General Motors (GM) racked up another impressive month of sales in February, as consumers snapped up new GM models despite soaring prices for gasoline.
For the month, the Detroit-based automaker reported Tuesday that compared to February 2010, sales rose 46% for a total 207,028, exceeding analyst estimates -- and even GM's own expectations. The increase was driven largely by a 70% jump in retail, or individual consumer, sales.
Among its four core brands -- Chevrolet, Buick, Cadillac and GMC -- the company reported a 49% sales gain.
"We had another outstanding month, continuing the momentum that began back in the fourth quarter of 2010," said Don Johnson, vice president of U.S. sales, in a conference call with investors and the media following release of the monthly sales figures.
Johnson said an improving economy helped spur demand among consumers who are showing increasing confidence in the nation's recovery, despite lingering challenges.
GM's total sales so far this year have risen 36%, while retail sales have increased by 52%, the company said in a statement, accompanying the sales results. Retail sales of GM's cars, trucks and crossovers all rose at least 59%, GM said.
Still, Johnson said, the company was pleased with the gains it also made in commercial sales, accounting for 21% of sales last month. "It's this balanced growth" that likely led GM to push its market share over the 20% mark, he said.
Among its brands, GM reported that sales at Chevrolet, by far GM's largest division, rose 43% compared to last year to nearly 143,000 units. Strong demand for the Cruze compact sedan rose 212% year-over-year compared to the model it replaced, the Cobalt. Sales of Silverado pickups and Equinox compact SUV models were also strong.
Buick reported sales of 15,807 vehicles in February, a 73% increase from a year ago. With the increase, Johnson said the division is on track to outsell Toyota Motor's (TM) luxury Lexus unit for the second month in row.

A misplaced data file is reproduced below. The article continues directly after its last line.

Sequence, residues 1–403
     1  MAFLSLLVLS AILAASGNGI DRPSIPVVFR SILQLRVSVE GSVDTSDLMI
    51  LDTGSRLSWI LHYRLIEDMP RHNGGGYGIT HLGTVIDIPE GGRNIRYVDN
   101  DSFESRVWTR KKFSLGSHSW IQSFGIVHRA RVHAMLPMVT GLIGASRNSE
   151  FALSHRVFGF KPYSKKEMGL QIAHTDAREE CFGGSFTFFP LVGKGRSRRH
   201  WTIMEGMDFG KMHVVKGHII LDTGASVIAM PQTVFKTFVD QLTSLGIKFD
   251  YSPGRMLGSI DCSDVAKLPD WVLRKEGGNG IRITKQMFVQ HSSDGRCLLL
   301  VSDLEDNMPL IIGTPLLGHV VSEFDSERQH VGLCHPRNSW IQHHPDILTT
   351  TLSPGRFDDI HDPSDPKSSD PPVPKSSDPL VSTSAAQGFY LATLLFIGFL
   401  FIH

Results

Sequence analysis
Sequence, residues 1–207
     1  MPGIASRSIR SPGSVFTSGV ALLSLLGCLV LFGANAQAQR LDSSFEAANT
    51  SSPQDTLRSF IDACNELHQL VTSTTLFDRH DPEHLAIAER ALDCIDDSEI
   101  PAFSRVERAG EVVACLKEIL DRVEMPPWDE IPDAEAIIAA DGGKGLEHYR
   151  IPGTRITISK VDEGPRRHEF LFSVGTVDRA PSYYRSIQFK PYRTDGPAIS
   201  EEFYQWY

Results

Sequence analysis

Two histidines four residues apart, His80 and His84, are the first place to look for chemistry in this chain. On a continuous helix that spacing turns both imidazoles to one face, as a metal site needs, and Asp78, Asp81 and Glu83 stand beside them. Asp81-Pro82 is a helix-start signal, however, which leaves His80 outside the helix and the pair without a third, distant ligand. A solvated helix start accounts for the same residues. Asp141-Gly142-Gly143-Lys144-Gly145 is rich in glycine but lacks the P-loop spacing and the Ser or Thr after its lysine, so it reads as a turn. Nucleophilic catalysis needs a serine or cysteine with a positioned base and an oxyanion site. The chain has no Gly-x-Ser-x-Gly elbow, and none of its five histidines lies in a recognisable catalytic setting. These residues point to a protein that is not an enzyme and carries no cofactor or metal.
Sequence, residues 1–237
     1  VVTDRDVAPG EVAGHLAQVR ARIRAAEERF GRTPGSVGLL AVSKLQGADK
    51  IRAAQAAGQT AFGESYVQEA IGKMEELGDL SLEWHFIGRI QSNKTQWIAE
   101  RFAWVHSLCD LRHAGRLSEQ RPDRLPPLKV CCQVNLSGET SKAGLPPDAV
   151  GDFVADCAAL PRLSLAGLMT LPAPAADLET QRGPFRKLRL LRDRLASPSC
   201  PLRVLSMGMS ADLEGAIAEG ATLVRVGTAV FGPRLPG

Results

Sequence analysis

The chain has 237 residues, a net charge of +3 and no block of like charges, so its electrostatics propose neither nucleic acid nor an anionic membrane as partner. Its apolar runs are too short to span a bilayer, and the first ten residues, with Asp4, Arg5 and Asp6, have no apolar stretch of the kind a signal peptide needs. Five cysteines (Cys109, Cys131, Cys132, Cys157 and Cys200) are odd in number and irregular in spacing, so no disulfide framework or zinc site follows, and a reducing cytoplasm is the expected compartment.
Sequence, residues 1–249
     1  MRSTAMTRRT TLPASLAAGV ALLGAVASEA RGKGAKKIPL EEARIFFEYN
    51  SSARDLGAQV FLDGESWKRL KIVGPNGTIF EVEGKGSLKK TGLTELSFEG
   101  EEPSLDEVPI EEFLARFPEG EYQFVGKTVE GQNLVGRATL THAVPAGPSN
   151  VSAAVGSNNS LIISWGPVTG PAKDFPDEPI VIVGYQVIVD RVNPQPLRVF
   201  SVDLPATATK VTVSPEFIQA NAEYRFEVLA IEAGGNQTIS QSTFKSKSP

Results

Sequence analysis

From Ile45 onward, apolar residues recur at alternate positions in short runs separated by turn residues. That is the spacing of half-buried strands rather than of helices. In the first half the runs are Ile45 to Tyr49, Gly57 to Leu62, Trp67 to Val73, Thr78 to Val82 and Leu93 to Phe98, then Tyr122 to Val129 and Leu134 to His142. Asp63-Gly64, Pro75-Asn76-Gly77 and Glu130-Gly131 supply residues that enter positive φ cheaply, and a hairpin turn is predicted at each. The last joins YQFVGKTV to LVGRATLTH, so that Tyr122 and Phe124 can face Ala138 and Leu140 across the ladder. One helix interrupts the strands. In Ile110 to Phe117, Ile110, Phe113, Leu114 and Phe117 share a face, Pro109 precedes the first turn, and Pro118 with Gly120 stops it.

GM's luxury brand, Cadillac, sold 15,768 units, a 70% gain, attributable to a 159% rise in sales of CTS coupes and sedans. With 6,033 units sold, the CTS alone likely outsold Ford Motor's (F) entire Lincoln division, Johnson said.
Crossovers Take Off
GMC, which sells trucks and SUVs, saw sales rise 59% to 32,534 during the month. GMC, along with other GM brands, benefited from continued strong demand for crossover vehicles, which combine the utility of a traditional SUV with more car-like handling and ride.
Sales of GM crossovers in February were the best ever for the company, rising 57% compared to a year ago. Many of GM's most popular crossovers set sales records for the month. The Chevrolet Equinox, for example, recorded a 98% sales increase while those of the slightly larger Chevy Traverse rose 32%.
The company's stellar results weren't merely the result of increased incentive spending, Johnson said during the conference call. "Price and incentives alone don't explain a 70% increase retail increase and a gain of almost three full share points," he said.
Johnson said the company has an average 60-day supply of vehicles on dealer lots, and is actively managing its inventory, a process that maintains healthy levels and anticipates demand.
Further, he said, the recent purchase of its own finance arm, GM Financial, has allowed the company to raise the number of sales to leasing customers and those with less-than-perfect credit.
GM was the first of the major automakers to announce its February U.S. sales figures. Others, including Ford and Toyota, will release their sales data later in the day.
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